The Indian writer was inspired by the idea that, despite India being a continent with vast distances, its gastronomy can create communities. “In India, it often happens that someone is born in Kashmir, for example, but goes to university in Bengaluru, and then settles down in Delhi: this brings the gastronomic diversity of these different regions,” Eszter explains. So Archana has gathered creators and characters whose stories include cooking in addition to their inspiring work. Over time, she realized that she wanted her book to specifically target women: “It became clear to Archana that it was worth talking about the relevant role of women in India, not only in the kitchen but also in the creative sphere of life. Since the masculine society is still predominant in India, she wanted this publication to not only be about women for women but also to give confidence to the communities there,” Eszter underlines.

Archana and Eszter’s duo was joined by photographer Balázs Glódi; the trio traveled to different locations in just two weeks. From villages hiding in the Himalayan mountainsides to permaculture farms and cities to palm gardens on the southern coast, they met the characters in the book and documented their favorite recipes. But after their explorations, they were forced to take a break: partly because of the pandemic, but also because Eszter had children. “During this time, the book progressed slowly. Archana was unable to write for a whole year because of Covid, and the situation there made it increasingly difficult for her to engage in intellectual activity. Then, after a year or two, Archana suddenly got a new impetus—she says it was partly because I encouraged her not to give up,” Eszter shares.

The book slowly took its final shape, with musicians, writers, artists, and farmers sharing their recipes and relationship to gastronomy, their thoughts complemented by Archana’s own experiences. As for the recipes, Eszter also stressed that we Europeans should absolutely not be intimidated by them. “We Europeans often fear that most raw materials are not accessible. Of course, many vegetables have no Hungarian equivalents and are not available, but it is the same in India: what is available in the south cannot be found in the north, or vice versa. That’s why Archana always emphasizes that the recipes are modular and that certain ingredients can be substituted with potatoes, cauliflower, or courgettes. We want to encourage anyone who buys this book to feel free to experiment,” she explains.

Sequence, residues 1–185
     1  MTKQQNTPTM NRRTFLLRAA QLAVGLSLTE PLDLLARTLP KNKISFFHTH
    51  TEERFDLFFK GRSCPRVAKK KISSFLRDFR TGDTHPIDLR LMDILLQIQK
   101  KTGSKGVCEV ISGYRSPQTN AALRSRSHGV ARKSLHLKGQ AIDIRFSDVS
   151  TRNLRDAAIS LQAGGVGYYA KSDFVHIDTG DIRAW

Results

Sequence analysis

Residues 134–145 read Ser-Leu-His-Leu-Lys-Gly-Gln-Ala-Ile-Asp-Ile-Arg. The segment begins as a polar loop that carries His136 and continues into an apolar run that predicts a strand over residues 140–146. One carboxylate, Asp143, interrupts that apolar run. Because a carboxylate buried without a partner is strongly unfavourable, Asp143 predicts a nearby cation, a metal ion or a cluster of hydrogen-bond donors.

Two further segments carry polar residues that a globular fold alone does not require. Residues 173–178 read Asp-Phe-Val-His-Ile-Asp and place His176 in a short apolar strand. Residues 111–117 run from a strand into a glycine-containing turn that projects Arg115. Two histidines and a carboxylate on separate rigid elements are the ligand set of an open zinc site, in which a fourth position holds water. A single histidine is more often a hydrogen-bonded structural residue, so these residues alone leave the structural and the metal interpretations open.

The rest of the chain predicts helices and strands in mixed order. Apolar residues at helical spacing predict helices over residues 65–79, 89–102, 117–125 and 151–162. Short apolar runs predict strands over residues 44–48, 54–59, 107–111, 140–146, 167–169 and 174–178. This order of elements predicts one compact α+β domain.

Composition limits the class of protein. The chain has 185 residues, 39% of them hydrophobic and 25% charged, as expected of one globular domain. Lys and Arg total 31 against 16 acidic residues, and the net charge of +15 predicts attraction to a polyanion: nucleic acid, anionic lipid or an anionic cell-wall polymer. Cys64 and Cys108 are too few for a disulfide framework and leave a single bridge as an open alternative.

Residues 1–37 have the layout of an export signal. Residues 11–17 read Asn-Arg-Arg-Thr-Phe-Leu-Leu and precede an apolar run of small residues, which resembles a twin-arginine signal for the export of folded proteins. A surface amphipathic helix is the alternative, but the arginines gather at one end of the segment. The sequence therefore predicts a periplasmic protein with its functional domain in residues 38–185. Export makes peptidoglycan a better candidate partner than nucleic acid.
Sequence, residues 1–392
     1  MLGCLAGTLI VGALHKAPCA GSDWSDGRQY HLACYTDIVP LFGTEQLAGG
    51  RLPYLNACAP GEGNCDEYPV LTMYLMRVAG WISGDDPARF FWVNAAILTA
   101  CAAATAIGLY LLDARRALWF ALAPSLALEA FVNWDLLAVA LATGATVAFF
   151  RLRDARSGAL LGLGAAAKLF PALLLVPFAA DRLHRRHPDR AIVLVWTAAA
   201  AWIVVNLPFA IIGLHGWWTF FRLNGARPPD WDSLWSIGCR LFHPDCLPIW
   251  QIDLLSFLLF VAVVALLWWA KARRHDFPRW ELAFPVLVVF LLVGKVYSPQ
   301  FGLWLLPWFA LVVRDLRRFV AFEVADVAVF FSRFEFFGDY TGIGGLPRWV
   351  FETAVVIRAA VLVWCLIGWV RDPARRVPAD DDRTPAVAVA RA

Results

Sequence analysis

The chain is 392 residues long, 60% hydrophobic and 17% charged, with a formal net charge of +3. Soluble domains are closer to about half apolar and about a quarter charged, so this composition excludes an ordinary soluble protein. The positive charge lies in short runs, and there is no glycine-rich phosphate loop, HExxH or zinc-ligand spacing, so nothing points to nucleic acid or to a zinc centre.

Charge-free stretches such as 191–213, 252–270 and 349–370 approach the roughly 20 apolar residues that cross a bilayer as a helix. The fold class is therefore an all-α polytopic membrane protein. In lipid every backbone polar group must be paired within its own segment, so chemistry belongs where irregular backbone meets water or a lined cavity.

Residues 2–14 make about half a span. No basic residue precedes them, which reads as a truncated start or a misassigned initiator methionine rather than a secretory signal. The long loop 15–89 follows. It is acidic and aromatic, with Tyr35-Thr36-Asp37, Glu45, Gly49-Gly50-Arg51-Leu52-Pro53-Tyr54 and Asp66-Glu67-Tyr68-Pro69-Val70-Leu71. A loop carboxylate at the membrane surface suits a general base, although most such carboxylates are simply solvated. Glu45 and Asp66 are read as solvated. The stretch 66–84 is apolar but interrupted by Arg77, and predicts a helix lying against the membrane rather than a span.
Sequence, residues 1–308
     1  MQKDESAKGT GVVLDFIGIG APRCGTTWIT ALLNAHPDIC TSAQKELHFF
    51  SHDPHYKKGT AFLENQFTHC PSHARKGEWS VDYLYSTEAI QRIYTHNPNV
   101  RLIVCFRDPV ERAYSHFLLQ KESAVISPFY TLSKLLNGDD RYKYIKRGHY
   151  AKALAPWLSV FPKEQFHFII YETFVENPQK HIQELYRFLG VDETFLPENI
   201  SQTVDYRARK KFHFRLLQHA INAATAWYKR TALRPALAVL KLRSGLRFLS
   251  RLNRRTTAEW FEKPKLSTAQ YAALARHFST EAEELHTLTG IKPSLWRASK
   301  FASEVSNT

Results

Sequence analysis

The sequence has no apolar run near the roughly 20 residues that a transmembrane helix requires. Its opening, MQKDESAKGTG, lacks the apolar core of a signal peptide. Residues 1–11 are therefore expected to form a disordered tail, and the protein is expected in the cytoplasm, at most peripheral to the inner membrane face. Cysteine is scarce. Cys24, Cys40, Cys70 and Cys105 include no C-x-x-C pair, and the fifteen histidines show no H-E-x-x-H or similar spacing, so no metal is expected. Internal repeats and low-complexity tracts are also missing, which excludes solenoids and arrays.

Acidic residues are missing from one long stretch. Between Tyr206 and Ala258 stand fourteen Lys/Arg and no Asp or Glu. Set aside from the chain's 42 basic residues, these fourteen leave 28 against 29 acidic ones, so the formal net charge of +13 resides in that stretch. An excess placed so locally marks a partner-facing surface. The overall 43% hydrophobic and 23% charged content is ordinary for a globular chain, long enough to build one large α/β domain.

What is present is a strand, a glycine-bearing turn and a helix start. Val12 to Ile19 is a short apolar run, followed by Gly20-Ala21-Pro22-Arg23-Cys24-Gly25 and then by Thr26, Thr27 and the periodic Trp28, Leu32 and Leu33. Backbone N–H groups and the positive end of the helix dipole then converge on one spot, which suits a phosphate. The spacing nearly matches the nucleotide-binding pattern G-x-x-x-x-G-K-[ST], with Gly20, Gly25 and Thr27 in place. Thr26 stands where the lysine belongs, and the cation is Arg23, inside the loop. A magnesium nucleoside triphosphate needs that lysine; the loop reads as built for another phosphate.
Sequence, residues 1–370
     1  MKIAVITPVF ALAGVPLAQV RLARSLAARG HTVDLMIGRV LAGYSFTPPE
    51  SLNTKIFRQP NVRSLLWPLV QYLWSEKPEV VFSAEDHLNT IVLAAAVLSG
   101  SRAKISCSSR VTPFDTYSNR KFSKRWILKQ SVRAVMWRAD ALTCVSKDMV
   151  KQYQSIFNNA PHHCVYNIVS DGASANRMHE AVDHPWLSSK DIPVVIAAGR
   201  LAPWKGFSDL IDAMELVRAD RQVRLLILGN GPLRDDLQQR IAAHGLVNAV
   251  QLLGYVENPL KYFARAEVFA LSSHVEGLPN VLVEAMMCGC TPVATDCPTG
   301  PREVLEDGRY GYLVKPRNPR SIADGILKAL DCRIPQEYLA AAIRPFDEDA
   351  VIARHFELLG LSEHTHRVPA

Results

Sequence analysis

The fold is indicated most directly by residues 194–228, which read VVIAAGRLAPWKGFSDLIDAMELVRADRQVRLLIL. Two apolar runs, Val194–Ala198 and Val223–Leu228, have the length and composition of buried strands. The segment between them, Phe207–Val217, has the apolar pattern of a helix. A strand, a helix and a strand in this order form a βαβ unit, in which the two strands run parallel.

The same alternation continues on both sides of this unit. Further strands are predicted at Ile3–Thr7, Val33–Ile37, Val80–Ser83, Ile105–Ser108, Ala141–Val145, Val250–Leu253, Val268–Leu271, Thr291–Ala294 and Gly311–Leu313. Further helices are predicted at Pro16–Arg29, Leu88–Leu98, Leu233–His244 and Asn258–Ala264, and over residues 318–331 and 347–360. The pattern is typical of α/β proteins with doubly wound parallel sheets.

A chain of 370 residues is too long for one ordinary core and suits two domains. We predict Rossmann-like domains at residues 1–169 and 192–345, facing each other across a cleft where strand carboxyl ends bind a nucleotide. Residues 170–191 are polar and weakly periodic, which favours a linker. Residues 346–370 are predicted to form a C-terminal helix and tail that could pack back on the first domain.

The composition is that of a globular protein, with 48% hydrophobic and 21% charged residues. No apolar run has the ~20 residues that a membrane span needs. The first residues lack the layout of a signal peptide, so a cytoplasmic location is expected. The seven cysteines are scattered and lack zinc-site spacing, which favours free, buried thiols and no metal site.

Of course, the inspiring content is accompanied by a carefully crafted look: as Eszter points out, an important visual feature of the book is the illustrations, hand-drawn with a Muji pen. The choice of colors is no coincidence, either: the indigo blue and green on the cover and the turquoise shade used on the inside cover are all typical Indian colors. And the bright red of the ribbon marker reminds us of chili, an essential spice in Indian cuisine. This is completed by the mandala symbol on the cover design, a reference to feminine energy. As Eszter pointed out, her regular creative partner, Réka Imre also helped a lot in creating the visual aspect of the publication, as the book’s layout is mainly her work. The graphic design of Why Cook was also shortlisted for the Hungarian Book Design Award 2022.

And why is bookmaking so important to Eszter? “A book is one of the most important things a graphic designer can create. Hospitality brands come and go, and it’s a bit disappointing, but in many cases, these works remain mere annuals. However, a book will still be on the shelves in twenty years. I don’t think you can really leave a greater visual mark than that,” she concludes.

Why Cook is available to order online and a limited edition is also available at Pingrumba in Budapest.

Author: Archana Pidathala
Editor: Sonya Balasubramanyam
Art Direction, illustrations: Eszter Laki
Graphic Design: Réka Imre
Publishing: Pragati, Hyderabad
Photos: Balázs Glódi

Book photos: András Zoltai

Why Cook | Web